The weekend violence began at 9 p.m. Friday when a 21-year-old man was shot to death in the Kingston community.

On Saturday, a postal worker found the body of an unidentified man on the front porch of a home in Birmingham's Inglenook neighborhood around 4 p.m. He'd been shot to death.

Thirty minutes later, children playing behind a house in the East Lake area of the city discovered the partially burned body of a man inside a shed. Police said the victim appears to be in his mid-20's to early 30's.

In Brighton, police said a man was shot and wounded after an argument with a friend around 5 p.m. Saturday. The victim went by his friend's house and pointed an assault rifle at him. The friend then retrieved a second assault-type weapon and fired on the victim's car, which crashed into a building.

Just after 6:30 p.m. Saturday, Birmingham police responded to a BP gas station in Ensley where three men had been shot while riding in a car just blocks away. The vehicle had more than 10 bullet holes on the driver's side door. The victims were taken to hospitals with what police described as non life-threatening wounds.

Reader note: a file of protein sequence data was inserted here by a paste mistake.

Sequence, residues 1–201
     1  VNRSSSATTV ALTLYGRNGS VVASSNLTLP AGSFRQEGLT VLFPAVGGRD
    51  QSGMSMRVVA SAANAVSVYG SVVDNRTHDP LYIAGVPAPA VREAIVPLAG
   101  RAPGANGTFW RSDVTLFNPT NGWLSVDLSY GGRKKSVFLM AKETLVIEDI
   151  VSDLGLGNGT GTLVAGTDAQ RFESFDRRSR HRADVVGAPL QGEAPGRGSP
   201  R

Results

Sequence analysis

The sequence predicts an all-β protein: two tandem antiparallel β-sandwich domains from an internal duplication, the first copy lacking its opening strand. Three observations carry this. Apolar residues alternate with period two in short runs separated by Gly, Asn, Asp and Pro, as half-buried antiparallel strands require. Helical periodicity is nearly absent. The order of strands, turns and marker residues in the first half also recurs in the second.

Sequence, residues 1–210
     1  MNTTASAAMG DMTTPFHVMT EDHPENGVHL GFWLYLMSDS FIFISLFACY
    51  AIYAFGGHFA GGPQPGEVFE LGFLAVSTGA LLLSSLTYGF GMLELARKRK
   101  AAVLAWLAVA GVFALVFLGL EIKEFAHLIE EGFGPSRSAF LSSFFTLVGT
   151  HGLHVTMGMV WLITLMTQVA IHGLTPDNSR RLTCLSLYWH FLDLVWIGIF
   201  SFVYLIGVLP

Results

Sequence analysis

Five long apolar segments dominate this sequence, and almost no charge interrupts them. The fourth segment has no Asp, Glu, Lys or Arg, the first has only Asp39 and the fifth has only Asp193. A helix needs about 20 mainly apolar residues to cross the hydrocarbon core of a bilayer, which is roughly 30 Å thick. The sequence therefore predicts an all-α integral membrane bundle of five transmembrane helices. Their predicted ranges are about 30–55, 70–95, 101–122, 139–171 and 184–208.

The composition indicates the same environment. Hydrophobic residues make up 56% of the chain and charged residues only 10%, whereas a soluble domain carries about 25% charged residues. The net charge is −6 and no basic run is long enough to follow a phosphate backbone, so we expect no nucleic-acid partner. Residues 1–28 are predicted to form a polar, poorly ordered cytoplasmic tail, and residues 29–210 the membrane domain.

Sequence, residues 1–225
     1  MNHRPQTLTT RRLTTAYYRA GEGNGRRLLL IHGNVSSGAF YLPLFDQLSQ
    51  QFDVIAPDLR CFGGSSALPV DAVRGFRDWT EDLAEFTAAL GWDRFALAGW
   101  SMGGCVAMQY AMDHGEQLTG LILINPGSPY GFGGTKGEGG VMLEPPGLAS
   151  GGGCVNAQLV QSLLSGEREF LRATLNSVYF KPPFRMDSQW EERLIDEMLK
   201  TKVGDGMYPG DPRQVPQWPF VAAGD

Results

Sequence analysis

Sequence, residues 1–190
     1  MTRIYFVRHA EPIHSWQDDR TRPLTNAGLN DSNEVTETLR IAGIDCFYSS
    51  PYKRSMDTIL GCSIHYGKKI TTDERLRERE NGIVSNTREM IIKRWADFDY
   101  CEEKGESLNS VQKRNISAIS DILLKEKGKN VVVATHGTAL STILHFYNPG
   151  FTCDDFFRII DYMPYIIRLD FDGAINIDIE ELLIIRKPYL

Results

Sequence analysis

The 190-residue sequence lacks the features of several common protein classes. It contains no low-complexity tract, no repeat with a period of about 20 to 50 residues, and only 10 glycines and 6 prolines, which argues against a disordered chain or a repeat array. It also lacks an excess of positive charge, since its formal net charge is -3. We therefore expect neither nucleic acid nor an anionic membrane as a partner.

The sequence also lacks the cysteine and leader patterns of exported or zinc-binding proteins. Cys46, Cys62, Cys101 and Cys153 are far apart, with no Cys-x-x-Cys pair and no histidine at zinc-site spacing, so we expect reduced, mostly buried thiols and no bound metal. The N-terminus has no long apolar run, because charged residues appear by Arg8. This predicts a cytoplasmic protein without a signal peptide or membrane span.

Early Sunday, there were two separate shootings at 3 a.m. in Birmingham. Police said a victim was transported to UAB Hospital with non life-threatening wounds after being shot.

At the same time, police were working the scene of a separate homicide nearby. Two people were shot, one fatally. The victims' names have not been released. Many of you have expressed concerns about some of the harsh anonymous comments from readers. To remedy that, we are introducing new features. You can create your own blog, publish your news and share your photos with the community. Once you fill out a simple form and leave a verifiable e-mail address, you can set up your profile page. It will display all of your contributions and allow you to track issues and easily connect with others.